As many will know by now, an FDA briefing panel July 15 recommended against approval of Vivus' (NASDAQ:VVUS) obesity drug candidate Qnexa by a vote of 10 to 6. This was originally announced as a vote of 9 to 7, but a new electronic voting system was in use, and it must have been a little confusing, because one panelist later claimed that they had unintentionally voted "Yes" for approval instead of "No" against. (Insert "Jim, I'm a doctor, not an electronic voter!" joke here.)
The main concerns cited about Qnexa were:
- a lack of safety data longer than one year, although patients will likely be taking Qnexa long-term, at least at maintenance levels, and
- concerns about birth defects if and when women taking Qnexa become pregnant.
Trading in VVUS shares was halted for the day. I expect the price to tumble from $12.11 to around $4 or so today, which actually might be a good place to buy, if you share my view that Qnexa is not dead -- only resting.
While the panel's vote is taken into consideration by the FDA, it is not binding. Moreover, VVUS has from now until its late October FDA decision date to put together a longer-term package of safety data, and cash should not be a constraint for this company for this purpose.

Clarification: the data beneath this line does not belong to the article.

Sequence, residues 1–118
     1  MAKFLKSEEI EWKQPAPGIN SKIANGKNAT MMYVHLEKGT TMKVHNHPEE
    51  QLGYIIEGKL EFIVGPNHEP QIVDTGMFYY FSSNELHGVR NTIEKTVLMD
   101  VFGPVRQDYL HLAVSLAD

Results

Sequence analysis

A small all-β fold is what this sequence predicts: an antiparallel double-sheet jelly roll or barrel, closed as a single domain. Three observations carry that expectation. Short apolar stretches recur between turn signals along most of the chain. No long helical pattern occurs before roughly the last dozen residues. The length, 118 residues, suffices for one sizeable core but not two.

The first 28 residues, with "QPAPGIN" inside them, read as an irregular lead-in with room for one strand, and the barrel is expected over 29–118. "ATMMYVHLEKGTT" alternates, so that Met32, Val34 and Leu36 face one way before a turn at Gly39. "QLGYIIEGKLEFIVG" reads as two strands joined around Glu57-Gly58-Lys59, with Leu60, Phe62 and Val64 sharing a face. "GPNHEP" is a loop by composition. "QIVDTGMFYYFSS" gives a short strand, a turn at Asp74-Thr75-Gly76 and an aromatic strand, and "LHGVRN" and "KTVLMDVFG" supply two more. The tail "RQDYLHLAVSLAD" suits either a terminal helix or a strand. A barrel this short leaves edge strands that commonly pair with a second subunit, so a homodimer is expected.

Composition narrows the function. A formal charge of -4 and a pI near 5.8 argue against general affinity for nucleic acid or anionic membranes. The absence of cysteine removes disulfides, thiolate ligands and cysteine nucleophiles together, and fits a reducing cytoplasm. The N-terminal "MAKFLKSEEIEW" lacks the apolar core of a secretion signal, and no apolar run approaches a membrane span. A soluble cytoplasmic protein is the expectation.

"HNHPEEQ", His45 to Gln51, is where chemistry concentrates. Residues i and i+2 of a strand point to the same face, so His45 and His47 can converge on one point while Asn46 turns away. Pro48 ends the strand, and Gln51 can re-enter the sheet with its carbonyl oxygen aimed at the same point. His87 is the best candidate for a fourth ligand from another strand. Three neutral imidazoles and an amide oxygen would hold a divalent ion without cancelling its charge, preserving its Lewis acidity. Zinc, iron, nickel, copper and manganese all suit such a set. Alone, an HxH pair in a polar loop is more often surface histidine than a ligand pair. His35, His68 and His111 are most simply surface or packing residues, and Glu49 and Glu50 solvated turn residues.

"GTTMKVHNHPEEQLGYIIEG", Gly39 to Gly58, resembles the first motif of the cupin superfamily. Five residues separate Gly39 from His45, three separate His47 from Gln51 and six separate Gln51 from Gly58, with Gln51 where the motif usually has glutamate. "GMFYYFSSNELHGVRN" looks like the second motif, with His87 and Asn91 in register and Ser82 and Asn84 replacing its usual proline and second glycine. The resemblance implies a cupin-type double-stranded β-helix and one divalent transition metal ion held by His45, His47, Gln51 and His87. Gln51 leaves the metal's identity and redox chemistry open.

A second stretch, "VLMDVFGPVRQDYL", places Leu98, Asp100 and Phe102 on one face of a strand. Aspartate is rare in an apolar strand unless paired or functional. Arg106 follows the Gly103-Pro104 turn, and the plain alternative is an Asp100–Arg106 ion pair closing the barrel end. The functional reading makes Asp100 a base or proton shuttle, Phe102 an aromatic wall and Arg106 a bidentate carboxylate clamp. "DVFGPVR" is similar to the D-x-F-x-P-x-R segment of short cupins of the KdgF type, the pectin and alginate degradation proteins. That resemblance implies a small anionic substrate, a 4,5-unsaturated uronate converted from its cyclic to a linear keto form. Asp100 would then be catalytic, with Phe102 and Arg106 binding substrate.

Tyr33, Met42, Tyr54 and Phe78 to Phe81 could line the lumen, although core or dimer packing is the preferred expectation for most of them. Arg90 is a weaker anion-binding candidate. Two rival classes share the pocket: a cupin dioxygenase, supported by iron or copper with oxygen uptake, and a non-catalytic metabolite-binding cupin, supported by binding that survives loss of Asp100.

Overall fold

VVUS's pivotal Phase III Qnexa studies reach the two-year anniversary of full enrollment in mid-2010, suggesting that with all hands on deck, VVUS may be able to assemble robust two-year safety data by October.
The company may also be able to assemble some safety data from the existing available evidence on topiramate, which has been in use for over ten years, and phentermine, which has been in use over 45 years. Finally, the original data that piqued VVUS's interest in developing the topiramate/phentermine combination, the data observed in ten years of practice by Dr. Richard Najarian, although not clinical trial data, may include some safety data that could be useful in some context.
The immediate gainer from VVUS's pain is Arena Pharmaceuticals (NASDAQ:ARNA), whose lorcaserin weight-loss candidate may be less efficacious but has undergone two years of rigorous tests for cardiovascular safety, including an independent monitoring board.
Disclosure: Long VVUS, ARNA